According to an article in the Washington Post, “Booking within a narrow window presents its own challenges,” said Karyn Todd of Cruise.com. “You’re always going to be in immediate penalty if you book within 60 days” of your cruise, for one, which means that you could lose all or part of your money should you be forced to cancel. Accordingly, “you’ve got to think about insurance. Remember, anything can happen,” Todd said, “and the cruise lines have gotten very tough on cancellation. I know it’s an additional cost, but the value of having insurance when you’re booking a product that’s nonrefundable is huge.”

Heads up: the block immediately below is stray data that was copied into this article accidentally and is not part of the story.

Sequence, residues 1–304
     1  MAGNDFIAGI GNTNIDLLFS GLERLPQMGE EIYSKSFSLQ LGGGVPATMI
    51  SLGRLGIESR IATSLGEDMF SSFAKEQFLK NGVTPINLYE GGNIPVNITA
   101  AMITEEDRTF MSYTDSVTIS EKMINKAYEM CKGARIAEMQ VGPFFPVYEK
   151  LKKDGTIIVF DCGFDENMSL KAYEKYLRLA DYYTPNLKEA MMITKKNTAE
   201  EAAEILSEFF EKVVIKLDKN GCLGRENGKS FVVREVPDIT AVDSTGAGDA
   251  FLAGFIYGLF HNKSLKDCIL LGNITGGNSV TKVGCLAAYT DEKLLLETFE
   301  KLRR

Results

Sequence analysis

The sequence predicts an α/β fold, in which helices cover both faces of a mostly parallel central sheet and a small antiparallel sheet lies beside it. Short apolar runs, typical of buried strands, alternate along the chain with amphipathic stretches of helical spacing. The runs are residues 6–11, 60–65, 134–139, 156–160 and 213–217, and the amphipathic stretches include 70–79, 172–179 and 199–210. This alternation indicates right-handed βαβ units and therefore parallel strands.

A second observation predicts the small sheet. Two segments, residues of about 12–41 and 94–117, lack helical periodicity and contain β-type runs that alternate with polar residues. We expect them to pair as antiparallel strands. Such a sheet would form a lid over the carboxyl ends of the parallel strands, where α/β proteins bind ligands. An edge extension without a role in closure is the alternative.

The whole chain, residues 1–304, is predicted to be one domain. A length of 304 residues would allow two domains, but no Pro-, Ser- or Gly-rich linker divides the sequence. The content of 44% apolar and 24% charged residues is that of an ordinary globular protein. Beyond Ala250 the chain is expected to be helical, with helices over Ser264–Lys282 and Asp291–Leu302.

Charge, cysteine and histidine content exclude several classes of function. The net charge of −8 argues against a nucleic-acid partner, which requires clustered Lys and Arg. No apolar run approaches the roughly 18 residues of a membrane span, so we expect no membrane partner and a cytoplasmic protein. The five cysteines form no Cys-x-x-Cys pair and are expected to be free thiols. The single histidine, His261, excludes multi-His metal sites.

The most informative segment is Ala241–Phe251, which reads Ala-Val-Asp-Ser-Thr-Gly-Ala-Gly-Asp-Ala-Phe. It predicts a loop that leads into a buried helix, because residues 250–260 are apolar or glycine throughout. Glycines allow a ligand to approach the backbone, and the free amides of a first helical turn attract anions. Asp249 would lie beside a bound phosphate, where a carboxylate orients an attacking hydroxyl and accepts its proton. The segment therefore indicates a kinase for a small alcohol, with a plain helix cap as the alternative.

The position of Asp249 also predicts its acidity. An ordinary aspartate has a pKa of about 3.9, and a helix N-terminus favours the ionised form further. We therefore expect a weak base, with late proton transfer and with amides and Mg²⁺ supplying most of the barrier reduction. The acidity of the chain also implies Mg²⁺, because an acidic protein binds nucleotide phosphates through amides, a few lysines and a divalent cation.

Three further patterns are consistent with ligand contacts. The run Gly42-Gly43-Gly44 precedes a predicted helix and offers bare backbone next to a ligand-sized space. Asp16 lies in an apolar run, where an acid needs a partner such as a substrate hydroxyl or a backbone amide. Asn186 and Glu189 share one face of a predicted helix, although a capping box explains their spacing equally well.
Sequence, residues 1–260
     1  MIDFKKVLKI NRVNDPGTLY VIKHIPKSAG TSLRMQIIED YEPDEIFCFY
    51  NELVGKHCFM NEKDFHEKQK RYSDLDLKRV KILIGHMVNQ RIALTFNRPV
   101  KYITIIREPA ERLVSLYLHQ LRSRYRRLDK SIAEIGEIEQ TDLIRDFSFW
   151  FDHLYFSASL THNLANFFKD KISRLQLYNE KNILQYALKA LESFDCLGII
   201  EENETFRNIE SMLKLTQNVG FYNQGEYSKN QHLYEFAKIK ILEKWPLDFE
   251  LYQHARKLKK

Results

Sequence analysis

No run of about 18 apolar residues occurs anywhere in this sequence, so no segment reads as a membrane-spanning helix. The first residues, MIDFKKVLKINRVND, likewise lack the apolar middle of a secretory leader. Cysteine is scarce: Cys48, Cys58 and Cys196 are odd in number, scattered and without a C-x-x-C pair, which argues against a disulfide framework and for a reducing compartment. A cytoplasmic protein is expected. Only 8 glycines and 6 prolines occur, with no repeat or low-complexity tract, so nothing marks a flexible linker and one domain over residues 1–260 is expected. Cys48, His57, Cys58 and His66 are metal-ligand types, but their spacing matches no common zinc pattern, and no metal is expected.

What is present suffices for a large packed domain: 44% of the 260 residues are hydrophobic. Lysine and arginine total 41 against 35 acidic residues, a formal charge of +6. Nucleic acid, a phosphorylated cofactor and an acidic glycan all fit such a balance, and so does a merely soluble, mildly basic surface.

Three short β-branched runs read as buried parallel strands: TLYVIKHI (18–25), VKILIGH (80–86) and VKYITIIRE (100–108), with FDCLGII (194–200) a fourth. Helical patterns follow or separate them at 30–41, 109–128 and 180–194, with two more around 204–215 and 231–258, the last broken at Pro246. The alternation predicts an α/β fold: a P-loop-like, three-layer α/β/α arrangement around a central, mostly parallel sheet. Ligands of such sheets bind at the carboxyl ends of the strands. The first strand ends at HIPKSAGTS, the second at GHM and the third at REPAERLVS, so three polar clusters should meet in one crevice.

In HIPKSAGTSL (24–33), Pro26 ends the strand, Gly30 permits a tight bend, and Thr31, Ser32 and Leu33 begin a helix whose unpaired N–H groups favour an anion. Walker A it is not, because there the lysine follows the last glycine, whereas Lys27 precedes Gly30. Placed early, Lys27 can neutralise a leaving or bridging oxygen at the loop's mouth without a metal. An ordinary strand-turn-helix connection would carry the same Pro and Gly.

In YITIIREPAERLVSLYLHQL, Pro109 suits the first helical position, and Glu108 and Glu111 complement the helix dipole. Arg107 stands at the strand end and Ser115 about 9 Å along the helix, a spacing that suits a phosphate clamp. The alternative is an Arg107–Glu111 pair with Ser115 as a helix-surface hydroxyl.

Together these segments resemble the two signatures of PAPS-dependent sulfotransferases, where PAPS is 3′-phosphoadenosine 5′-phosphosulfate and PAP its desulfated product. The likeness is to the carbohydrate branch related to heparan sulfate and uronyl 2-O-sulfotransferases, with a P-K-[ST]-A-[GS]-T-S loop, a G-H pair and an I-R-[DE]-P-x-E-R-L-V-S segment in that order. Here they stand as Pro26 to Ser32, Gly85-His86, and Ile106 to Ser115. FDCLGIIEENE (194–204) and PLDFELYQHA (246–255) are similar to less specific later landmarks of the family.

People who wait until the last minute to book vacation plans can still purchase travel insurance. In most cases, the last opportunity to get cover for the trip is 24 hours prior to departure. Keep in mind that there are several benefits of coverage that are only available for a short time from the deposit date, which is benefitial with a last minute booking. This can include cancel for any reason, financial default, and pre-existing conditions to name a few. Read the fine print, as some coverage will not begin until a waiting period has passed. Always refer to the certificate of insurance for details.